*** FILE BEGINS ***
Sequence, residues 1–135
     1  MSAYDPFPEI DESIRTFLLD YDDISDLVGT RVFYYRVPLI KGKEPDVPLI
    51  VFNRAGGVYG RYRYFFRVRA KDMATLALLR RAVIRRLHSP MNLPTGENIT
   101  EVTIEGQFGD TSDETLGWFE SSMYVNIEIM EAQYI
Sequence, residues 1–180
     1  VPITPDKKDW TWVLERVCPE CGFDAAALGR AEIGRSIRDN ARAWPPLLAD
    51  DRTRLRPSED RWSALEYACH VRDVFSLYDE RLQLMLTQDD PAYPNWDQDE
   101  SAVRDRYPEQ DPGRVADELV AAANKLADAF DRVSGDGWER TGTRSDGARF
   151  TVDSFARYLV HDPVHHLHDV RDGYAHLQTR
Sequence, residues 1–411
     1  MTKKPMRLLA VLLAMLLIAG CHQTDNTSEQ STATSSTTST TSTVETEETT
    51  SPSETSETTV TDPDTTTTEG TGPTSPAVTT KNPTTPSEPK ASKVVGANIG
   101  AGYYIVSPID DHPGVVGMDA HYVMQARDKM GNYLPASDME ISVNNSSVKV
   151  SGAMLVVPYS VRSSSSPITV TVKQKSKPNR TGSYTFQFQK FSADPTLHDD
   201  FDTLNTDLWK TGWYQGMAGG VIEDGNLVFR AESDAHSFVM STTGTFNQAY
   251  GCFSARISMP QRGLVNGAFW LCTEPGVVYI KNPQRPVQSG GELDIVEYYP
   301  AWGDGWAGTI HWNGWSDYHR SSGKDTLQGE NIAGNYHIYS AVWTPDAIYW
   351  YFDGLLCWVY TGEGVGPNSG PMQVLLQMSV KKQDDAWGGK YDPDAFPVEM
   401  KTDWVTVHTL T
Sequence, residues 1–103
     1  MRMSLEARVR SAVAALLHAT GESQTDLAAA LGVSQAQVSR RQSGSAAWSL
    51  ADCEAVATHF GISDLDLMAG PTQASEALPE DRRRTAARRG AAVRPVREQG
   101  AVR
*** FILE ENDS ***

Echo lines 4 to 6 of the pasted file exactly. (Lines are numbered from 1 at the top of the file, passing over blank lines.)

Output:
   101  EVTIEGQFGD TSDETLGWFE SSMYVNIEIM EAQYI
Sequence, residues 1–180
     1  VPITPDKKDW TWVLERVCPE CGFDAAALGR AEIGRSIRDN ARAWPPLLAD